A Buddhist monk called Honen Shonin, (1133 to 1212), was a bonsai enthusiast and had a large collection. His collection was later recorded on a scroll.

By the 14th Century bonsai were among the decorations to be found on the Buddhist altars and shrines around the country.

Nature, in Buddhism as in Shinto, was an object of reverence and to be respected.

Man merely shaped the divine, he did not create it.

In Japan the garden has always been part of the house, and the bonsai fulfilled the role of nature in the home.

The EDO PERIOD, (1615 to 1867), coincided with a great growth in bonsai training and trained bonsai in trays.

The BONKEI and SAKEI were whole landscapes on trays and bonsai trees growing in the landscapes themselves.

The wealthy people of Japan formed an attachment to bonsai, and their cultivation became a popular hobby which has gradually spread through the whole social strata, and over the whole of Japan.

The training and styling of larger bonsai trees was also practised, coinciding with the growing interest in landscaping and gardening.

Naturally dwarfed trees were collected from the wild and potted and towards the end of the 19th Century trees were being improved by wiring and proper training.

Younger trees were also being trained into styles in order to satisfy the demand by the merchant classes who were becoming increasingly interested in the arts and horticulture. These trees were known as ‘tako’.

The young ‘tako’ trees were commercially produced to give a twisted gnarled shape and to simulate great ageing.

Pots which had originally been much deeper were now becoming increasingly more shallow.

The Tokugowa Period (1603 to 1867)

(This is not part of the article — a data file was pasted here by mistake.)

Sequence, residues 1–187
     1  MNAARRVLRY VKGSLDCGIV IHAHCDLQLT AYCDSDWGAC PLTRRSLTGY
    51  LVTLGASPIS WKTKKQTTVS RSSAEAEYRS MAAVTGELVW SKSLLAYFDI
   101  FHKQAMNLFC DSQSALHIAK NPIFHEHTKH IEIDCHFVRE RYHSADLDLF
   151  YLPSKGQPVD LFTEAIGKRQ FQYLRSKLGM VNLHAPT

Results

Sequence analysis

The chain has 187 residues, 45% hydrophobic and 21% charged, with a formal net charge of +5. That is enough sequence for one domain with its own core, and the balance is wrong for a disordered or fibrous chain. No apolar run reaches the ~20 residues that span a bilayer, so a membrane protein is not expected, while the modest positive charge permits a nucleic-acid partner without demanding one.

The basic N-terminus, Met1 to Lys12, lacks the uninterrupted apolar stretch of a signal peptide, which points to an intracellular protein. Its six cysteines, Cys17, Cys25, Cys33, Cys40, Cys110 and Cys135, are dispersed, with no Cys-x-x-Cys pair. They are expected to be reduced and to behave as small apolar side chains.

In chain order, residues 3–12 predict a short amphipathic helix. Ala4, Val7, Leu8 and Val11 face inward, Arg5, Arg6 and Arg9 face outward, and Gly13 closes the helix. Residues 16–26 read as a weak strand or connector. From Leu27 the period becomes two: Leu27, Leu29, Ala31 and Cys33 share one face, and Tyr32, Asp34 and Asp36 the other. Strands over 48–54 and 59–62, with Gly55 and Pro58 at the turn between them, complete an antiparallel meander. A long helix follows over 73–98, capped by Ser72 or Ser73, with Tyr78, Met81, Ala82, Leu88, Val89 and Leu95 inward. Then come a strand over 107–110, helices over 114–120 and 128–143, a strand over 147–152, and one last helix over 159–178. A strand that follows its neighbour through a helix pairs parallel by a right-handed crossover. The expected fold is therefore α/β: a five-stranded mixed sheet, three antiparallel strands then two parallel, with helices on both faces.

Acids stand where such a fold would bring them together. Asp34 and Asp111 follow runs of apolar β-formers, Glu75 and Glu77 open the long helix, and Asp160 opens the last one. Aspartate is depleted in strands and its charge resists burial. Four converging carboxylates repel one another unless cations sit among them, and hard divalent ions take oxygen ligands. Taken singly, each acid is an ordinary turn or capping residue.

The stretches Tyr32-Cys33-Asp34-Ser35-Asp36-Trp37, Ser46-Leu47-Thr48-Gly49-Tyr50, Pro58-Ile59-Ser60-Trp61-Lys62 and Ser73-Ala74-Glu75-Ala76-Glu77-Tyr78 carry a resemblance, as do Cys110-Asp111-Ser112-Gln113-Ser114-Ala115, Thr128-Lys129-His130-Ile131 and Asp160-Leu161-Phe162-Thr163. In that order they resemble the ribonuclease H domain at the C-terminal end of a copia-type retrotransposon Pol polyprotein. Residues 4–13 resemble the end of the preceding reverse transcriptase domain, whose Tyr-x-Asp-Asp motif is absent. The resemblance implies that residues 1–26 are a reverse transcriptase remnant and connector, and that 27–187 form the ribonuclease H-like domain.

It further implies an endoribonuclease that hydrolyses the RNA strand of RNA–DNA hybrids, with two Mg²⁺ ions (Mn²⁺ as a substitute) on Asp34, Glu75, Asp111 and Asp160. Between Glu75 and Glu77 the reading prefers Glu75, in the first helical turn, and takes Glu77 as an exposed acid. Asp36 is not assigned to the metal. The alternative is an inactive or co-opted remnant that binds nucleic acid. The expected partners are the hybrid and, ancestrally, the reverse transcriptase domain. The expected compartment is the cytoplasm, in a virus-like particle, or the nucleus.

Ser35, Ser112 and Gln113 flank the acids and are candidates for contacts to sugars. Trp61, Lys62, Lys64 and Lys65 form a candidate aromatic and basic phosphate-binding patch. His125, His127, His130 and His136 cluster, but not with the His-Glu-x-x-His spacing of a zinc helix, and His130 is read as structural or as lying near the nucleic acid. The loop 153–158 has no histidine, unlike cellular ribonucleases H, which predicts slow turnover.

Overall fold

Great steps forward in bonsai culture and horticultural skills reached a high standard during this period.

The development of landscape and gardening design increased markedly and more trees continued to be collected from the wild.

Natural bonsai trees were still very much sought after as’ Yamadori’, and were trained further to enhance their beauty. Many nurseries have now been set up specifically to grow on and train young trees into bonsai.

Bonsai in Europe

Bonsai first appeared in Europe in the 14th Century introduced by travellers from the east, but were not taken seriously.

In the 18th Century bonsai were ‘rediscovered’ and serious essays and papers appeared on the techniques for dwarfing and training bonsai. (1889 J. Vallot and Paul Claudel).

In both France and England bonsai interest has developed steadily, and now all countries throughout the world are acquainted with all forms of bonsai.

Today many associations and bonsai clubs exist where amateur and professional bonsai enthusiasts can meet up to engage in serious bonsai workshops, and to talk about training techniques and to exchange trees and information.

Every year throughout the world there are many bonsai conventions and shows where clubs and individuals show off their best trees. Tools, pots and bonsai are bought and sold at bonsai markets and many bonsai nurseries now offer a mail order service.

     

The siteprovides information on the history of bonsai, different species and how to propagate them, and details of workshops on the art of bonsai growing and the care of bonsai, trees for sale, and of a re-potting service.
©2010 Colin Carpenter